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Where EAST meets the Northwest

LONG BEANS, LONG LIFE. Eating long beans to symbolize a long life is a hallmark of the Lunar New Year. Long beans can be found in most Asian markets and well-stocked grocers. They are often known by other names, such as asparagus beans, yard-long beans, and snake beans. (AP Photo/Matthew Mead)

From The Asian Reporter, V22, #02 (January 16, 2012), page 24.

Lunar New Year: A culinary wish for a long life

By Alison Ladman
For The Associated Press

Eating long beans to symbolize a long life is a hallmark of the Lunar New Year.

These beans can be found in most Asian markets and well-stocked grocers. Long beans are often known by other names, such as asparagus beans, yard-long beans, and snake beans. But whatever you call them, they basically look like really long green beans.

Since this new year is the Year of the Dragon, more specifically the Water Dragon, we decided to serve our longevity dish with the dragon of the sea ó lobster. If lobster isnít available (or in the budget), shrimp is another good choice. Buy the smallest, sweetest shrimp you can find.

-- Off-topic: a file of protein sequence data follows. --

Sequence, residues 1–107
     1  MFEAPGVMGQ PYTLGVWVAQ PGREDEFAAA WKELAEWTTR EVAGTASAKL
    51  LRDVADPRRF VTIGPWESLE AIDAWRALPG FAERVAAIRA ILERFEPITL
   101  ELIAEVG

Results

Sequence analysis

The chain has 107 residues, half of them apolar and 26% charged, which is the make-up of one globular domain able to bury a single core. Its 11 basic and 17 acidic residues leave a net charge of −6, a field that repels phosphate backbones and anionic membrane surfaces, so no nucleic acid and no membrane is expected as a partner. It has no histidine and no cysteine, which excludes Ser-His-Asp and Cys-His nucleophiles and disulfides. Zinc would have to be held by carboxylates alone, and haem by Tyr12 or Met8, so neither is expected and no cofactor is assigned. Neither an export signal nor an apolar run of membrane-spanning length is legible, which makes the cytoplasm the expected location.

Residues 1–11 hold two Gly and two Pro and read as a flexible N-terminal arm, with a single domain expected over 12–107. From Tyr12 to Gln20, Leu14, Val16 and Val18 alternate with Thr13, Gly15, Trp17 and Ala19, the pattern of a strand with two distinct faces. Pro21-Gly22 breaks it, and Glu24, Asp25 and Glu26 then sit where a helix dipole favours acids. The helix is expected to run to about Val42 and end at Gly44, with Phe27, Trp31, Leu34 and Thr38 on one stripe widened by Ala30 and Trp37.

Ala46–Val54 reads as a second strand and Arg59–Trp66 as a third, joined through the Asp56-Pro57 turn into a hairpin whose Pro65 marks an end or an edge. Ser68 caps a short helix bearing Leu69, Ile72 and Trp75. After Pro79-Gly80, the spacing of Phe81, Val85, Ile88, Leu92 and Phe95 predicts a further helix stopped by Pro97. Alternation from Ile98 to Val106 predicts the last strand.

* * *

Dragon Beans

Start to finish: 20 minutes

Servings: 8

1 tablespoon vegetable oil

1/4 teaspoon Sichuan peppercorns, crushed

1/2 teaspoon Chinese five-spice powder

2 cloves garlic, minced

1 1/2 pounds Chinese long beans

1/2 cup water

1/4 cup oyster sauce

1 tablespoon soy sauce

1 tablespoon toasted sesame oil

Splash of Sriracha sauce

7 ounces cooked lobster meat, chopped

1 tablespoon toasted sesame seeds

* * *

In a wok or large, deep skillet over medium-high, heat the vegetable oil. Add the peppercorns, five-spice powder, and garlic. Heat, stirring constantly, for 30 seconds.

Add the beans and toss to coat. Add the water, oyster sauce, and soy sauce and cover. Allow the beans to steam for five minutes, or until just tender. Add the sesame oil, Sriracha, lobster meat, and sesame seeds. Toss together and cook until just heated through. Serve immediately.

Nutrition information per serving (values are rounded to the nearest whole number): 430 calories (45 calories from fat, 13 percent of total calories); 5 g fat (1 g saturated, 0 g trans fat); 20 mg cholesterol; 55 g carbohydrate; 26 g protein; 10 g fiber; 530 mg sodium.

* * *

To read our entire issue in celebration of the Year of the Dragon, visit

<www.asianreporter.com/completepaper.htm>.